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Mobile Computer Performance ? Impact to Business and Mobile Work Forces Using Tablet PCs, NetBooks, and NetTops

Recently my company attended the Computex 2008 trade show in Taipei, Taiwan in early June.  It was my fifth straight Computex and we had three people attending for a week.  We have been doing extensive benchmark testing on various Tablet PC related devices in our labs.  Somehow, my colleague found Performance Test 6.1 benchmark testing software loaded on one of the latest and very popular ultra-portables – the Eee PC 901, with Windows XP and Intel 1.6GHz Atom processor (1GB RAM) on display in a booth at Computex.  So we decided to take the few minutes to run the test and record the results. (Never mind that two of us had to block and tackle the booth personnel from seeing what my colleague was doing.)

The overall score was 159. Not surprisingly, the Eee PC 901 model has a performance benchmark score nearly equivalent to the xTablet T8400 Tablet PC, a Pentium III M 933MHz (640MB RAM) Tablet PC my company used to sell two generations ago which has a score of 146.

What does this mean?

Ultra Portables with Intel Atom processors will be a success in many consumer markets for the masses.  They will also be seen by the business world as an attractively priced alternative to more expensive notebooks.  However, these models will not have the performance necessary to run many of today’s line of business applications critical to field workforces. The systems providers that sell to vertical markets – such as MobileDemand and many others – will have a job to do to convey the message that these new Ultra Portables will not provide the necessary horsepower for their needs – and in many cases the durability for them to survive even a few weeks or months.

A case in point on the horsepower:  My company has sold thousands of our rugged Tablet PCs to field beverage sales markets (beer sales).  Their selling software used to run effectively back in 2005 on the xTablet T8400 model with the performance benchmark score of 146.  We are hearing reports that the their latest selling software will no longer run effectively on this hardware model that had been deployed 3-4 years ago.  It simply runs too slowly to be of use. Lucky for us that the xTablet T8400 model is two generations old.  Our current xTablet T8700 has an Intel Core Duo architecture, a performance benchmark score of 296, and will run the selling software very well.  It’s time for these customers to upgrade to the latest hardware architecture and the software is pushing this.  It’s not because the hardware is failing, it’s because the software has grown in complexity and features that necessitate MORE system performance.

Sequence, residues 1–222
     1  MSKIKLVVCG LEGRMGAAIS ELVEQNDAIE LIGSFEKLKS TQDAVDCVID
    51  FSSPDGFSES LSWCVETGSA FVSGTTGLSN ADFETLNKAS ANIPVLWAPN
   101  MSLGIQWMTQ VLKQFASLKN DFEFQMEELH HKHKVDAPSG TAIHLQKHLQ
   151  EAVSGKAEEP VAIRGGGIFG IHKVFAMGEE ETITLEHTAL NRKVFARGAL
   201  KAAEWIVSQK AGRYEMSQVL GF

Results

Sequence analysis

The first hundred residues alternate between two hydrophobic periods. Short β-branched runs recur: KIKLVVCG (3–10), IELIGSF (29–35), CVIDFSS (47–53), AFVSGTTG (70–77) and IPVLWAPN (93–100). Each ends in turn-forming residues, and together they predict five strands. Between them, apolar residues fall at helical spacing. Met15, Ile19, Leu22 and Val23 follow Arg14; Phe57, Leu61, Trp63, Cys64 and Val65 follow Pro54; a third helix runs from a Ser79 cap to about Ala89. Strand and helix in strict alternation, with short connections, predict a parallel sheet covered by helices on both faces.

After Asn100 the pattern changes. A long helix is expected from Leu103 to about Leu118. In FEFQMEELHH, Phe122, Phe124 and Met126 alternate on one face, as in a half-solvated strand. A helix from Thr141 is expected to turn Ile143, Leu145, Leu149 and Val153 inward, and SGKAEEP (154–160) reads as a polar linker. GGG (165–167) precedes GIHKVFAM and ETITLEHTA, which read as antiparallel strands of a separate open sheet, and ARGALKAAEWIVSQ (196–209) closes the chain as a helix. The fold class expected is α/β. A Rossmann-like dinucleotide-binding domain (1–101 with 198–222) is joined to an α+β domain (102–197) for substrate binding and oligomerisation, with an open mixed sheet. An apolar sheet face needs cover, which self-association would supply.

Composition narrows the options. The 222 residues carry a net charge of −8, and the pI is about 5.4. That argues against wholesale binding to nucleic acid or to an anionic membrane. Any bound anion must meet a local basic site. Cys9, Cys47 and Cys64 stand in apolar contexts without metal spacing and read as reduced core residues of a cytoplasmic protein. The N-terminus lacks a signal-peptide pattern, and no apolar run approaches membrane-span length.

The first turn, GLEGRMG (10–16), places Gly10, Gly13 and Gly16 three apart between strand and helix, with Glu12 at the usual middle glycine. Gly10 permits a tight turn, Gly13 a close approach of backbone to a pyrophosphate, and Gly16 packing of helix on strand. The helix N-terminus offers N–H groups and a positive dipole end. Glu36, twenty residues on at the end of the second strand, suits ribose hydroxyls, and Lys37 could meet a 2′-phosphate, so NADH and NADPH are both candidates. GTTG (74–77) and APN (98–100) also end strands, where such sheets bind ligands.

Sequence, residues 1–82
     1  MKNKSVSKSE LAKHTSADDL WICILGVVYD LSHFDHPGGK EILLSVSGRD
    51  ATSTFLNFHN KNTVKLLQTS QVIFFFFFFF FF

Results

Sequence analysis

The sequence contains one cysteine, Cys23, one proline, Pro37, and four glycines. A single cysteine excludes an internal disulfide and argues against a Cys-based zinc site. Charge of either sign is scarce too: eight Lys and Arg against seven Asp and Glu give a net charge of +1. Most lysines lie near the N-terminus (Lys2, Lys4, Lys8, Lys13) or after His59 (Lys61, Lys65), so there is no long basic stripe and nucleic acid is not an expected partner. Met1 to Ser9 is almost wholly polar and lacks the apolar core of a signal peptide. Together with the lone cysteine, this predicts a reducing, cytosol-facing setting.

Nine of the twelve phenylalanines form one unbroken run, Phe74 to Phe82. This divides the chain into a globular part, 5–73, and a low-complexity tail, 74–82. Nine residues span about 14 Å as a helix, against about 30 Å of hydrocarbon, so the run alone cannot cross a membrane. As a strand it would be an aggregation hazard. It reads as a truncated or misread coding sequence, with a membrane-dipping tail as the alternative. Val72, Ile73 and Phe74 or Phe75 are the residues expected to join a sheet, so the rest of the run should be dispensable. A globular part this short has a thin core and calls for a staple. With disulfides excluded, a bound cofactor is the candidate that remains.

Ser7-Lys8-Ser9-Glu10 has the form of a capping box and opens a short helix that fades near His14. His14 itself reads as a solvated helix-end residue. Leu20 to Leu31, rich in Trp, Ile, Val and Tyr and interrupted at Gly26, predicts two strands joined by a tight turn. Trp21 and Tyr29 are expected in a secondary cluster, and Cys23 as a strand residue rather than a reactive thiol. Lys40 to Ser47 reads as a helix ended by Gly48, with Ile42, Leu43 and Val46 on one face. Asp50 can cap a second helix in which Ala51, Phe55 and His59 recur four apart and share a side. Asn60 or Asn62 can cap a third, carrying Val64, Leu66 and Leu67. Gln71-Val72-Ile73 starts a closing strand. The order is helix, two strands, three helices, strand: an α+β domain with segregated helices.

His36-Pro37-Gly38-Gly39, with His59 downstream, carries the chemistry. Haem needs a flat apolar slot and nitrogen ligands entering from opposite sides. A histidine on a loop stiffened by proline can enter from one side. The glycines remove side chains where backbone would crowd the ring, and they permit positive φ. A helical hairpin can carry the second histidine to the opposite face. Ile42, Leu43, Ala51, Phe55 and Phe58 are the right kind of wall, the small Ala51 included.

Secondly, you may have also heard that Microsoft is progressing to move their OEM device manufacturers to pre-loading ONLY Windows Vista on computer systems.  A major date on this is just a few days away – June 30th is the last date to receive computer systems with Windows XP without the need to meet certain criteria:  Customer must supply documented intent to buy 25 or more systems in a 12 month period (and have a custom Windows XP image ONLY), or the hardware device is classified as a NetBook / NetTop – which is usually a lower price point device with processor performance so poor it really can’t run Vista anyway.  Also note that the NetBooks and NetTop devices may only have Windows XP Home Edition – which means you WILL NOT get Windows XP Professional that includes domain connections among other things important to businesses.

Of course, businesses usually test any given system before they purchase – and it would be HIGHLY recommended they do so extensively before considering buying these attractively priced Ultra Portables.  Businesses looking to install NetTops and NetBooks will likely quickly find out they would be boxing themselves in if they go that route:

  1. System performance is poor – may be unable to run today’s  software yet alone tomorrow’s.
  2. Again, system performance is poor – will not run Microsoft’s latest OS – Windows Vista, which has made great strides with Service Pack 1 and is stable and gaining market share.
  3. Current, low cost devices are flimsy at best.  (believe me, I’ve reviewed them and they will not hold up it the field for businesses at large)
  4. They lack domain connectivity – frequently required for businesses.

Look for more details from MobileDemand in the next few posts.

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